Every year, the Social Security surplus was used to cover the growing federal deficit created by big tax cuts to the wealthiest parts of the population. Starting in the mid-1980s, the Social Security surplus – that is, the beneficiaries’ money – helped cover the deficit created by the Reagan tax cuts for the wealthy, which had been supported by enough Democrats to make sure it passed. While Reagan increased the Social Security payroll tax, he reduced the income tax rate for those at the top and the capital gains tax on their profits from investments. As the Social Security surpluses swelled in the following years, these surpluses, all of which the government immediately “borrowed,” matched practically dollar for dollar the income tax cuts for the bourgeoisie. The surpluses even grew large enough to cover the gargantuan Bush tax cuts that were passed in 2001 and 2003, and that were extended for two years under Obama.
To put it bluntly, trillions in Social Security benefits were taken from active and retired workers and handed over to the capitalist class.
Of course, we are told that the government is only supposed to be “borrowing” the annual surplus from Social Security, and that it will pay it back.
The fact that Obama proposes more cuts to Social Security benefits shows that the politicians of both parties do not want to pay it back but, instead, intend to hand still more Social Security money over to the capitalist class. Obviously, that class has no intention of allowing the government to increase the capitalists’ taxes, nor to reduce their government subsidies. They do not intend to replace the trillions of dollars that the government already had taken from Social Security.
This really vast attack on both active and retired workers is usually justified by the growing number of retirees, who are supposed to be living longer and therefore drawing benefits for a longer time. Compared to the number of retirees, the number of active workers paying into Social Security is shrinking. In 1960, there were five active workers paying into Social Security for every person drawing Social Security benefits. Now there are only three active workers for every Social Security recipient. And in two decades, they say there will only be two active workers for every retired person. This, supposedly, puts Social Security at risk, even though there is a huge and growing surplus.
There are fewer people working, and more people retiring. That’s supposed to be the problem. But the same learned experts who cite these numbers are very careful not to acknowledge the fact that each worker produces much more wealth than they did in 1960. There has been a huge increase in worker productivity over the last half century. Increased productivity means that fewer workers produce more goods and services. The United States, for example, had 10.5 farm workers for every hundred people in 1929; it has one farm worker for every hundred people today. This big reduction did not mean that there was less food. On the contrary, a much smaller workforce produced not only all the food needed by a much larger population, but increased exports as well.
The same is true in other sectors of the economy. The productivity of workers in the durable goods industries has almost tripled in less than three decades, according to the Bureau of Labor Statistics. Fewer manufacturing workers are turning out more goods. And fewer workers are also turning out more services, from transportation and shipping, to retail and clerical.
These productivity increases more than make up for the drop in active workers so often cited as the reason to cut Social Security benefits.
The leaps in productivity prove that the work of one person could support many more people, while reducing the amount of time devoted to work also. These leaps prove that workers could retire earlier, with no loss in income.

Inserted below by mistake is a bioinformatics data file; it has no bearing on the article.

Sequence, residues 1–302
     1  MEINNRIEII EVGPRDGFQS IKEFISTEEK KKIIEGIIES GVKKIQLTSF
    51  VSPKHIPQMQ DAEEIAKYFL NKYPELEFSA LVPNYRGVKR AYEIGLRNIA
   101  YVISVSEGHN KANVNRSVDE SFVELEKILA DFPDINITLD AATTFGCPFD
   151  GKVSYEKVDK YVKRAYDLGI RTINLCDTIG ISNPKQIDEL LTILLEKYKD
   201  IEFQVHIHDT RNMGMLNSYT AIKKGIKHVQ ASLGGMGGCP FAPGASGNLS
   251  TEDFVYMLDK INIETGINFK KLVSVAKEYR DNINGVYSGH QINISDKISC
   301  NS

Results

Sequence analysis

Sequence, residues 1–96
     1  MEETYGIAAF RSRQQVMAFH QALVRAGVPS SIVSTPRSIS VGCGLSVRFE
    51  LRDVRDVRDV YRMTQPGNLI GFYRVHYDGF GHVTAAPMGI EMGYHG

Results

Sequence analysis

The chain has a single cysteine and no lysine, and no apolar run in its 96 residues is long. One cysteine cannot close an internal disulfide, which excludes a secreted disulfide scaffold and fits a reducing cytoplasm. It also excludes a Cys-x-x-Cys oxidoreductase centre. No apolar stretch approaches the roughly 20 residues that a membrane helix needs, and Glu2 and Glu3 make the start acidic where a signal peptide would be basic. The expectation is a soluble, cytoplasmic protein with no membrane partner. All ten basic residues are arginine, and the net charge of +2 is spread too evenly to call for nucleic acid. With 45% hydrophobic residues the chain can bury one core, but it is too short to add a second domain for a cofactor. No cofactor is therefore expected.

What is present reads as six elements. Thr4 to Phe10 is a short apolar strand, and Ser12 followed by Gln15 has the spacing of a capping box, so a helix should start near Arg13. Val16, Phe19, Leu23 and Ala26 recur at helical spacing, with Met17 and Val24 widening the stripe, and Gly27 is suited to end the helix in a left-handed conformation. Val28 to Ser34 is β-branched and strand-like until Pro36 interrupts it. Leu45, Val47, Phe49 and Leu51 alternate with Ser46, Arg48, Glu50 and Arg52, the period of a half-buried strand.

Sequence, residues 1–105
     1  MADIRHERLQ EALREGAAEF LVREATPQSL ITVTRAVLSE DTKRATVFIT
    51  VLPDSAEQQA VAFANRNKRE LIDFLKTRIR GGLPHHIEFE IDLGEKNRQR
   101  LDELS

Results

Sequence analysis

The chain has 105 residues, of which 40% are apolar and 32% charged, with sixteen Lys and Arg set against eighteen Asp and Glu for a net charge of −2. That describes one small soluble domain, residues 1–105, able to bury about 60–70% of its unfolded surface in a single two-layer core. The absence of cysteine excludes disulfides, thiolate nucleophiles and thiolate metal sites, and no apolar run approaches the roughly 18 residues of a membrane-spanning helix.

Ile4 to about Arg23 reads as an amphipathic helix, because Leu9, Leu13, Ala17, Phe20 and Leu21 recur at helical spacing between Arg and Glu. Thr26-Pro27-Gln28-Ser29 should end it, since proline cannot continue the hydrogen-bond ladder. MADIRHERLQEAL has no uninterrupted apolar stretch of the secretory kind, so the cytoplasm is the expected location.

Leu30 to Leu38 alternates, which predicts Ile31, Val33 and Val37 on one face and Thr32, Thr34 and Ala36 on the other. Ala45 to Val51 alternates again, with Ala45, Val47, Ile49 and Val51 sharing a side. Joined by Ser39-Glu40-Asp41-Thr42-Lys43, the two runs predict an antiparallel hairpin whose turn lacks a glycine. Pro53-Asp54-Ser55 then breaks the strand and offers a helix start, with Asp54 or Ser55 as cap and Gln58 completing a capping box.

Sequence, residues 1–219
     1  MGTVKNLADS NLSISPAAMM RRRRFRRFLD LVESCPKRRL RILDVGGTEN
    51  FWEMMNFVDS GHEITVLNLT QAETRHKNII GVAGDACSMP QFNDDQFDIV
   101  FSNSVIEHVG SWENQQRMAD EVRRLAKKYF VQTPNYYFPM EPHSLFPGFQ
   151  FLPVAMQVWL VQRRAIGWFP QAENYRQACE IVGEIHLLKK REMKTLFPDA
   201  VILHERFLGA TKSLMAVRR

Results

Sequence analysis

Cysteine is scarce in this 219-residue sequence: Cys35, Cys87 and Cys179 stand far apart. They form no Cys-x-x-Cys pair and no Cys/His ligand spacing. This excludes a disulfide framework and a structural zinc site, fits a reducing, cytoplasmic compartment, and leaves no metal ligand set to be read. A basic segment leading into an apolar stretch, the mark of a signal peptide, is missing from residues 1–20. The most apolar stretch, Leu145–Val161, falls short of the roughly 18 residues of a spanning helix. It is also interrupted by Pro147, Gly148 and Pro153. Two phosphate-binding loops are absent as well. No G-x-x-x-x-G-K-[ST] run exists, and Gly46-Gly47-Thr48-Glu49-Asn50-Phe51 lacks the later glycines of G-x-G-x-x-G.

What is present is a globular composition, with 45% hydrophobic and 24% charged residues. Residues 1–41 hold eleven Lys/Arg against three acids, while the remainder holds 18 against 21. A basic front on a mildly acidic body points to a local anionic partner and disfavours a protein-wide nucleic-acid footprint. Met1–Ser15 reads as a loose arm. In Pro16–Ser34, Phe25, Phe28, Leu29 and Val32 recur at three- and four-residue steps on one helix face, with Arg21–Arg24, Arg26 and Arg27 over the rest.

And, in a society that would put to work the millions who today are unemployed, there would be a huge increase in wealth that could benefit everyone.
The wealth produced by the increase in productivity has been monopolized in this society by a tiny minority. And the capitalists are not satisfied with what they have already taken. They want to extort more from the working class and push a growing part of the population into destitution, including those in retirement.
Currently, after a lifetime of work, the typical retiree gets Social Security benefits that amount to less than the minimum wage for a full-time worker. And a big proportion of retirees get less. Millions of older workers who lost their jobs and ran through all their unemployment benefits take Social Security benefits at the earliest possible time. But what they get in benefits has been so reduced, it isn’t enough to live on. Women typically get $4,000 per year less than men in Social Security benefits. That’s not only because they get lower pay. Social Security does not credit women for taking time out of the paid workforce, while caring for young children, aging parents or other relatives, as though their labor is not socially valuable. So more women are condemned to live their last years in poverty.
Social Security benefits are about all that most retired workers can count on. Corporations and government entities have been wiping out pensions for private and public sector employees. According to the boss, workers have to save on their own ... as the boss cuts workers’ pay. And what little savings retirees might have had is also practically gone because of the economic crisis. To compensate for these losses, retirees are taking on more debt. More retirees are going back to work, often competing with teenagers for minimum wage jobs.
Because of the benefit cuts passed decades ago, Social Security benefits replace a little over one-third of the wages that workers earned when they were active, and those benefits are already programmed to drop much further.
Social Security has accumulated a surplus of 2.7 trillion dollars that could be used immediately to lift the benefits of all retirees. Yet, Obama dares to say that Social Security should be cut still more. And he cynically admits that he wants to follow Reagan and O’Neill’s lead from 30 years ago in imposing these cuts!“The way to do it is similar to the way Ronald Reagan and Tip O’Neill fixed Social Security back in 1983. They said, ‘Okay, we’ll make some modest adjustments that are phased in over a very long period of time. Most folks don’t notice them,’” said Obama in 2011.
No, President Obama. Most folks do notice those “modest adjustments,” those severe cuts. Because they live with the results.
And he wants to cut more???
There is only one answer to that: No Way!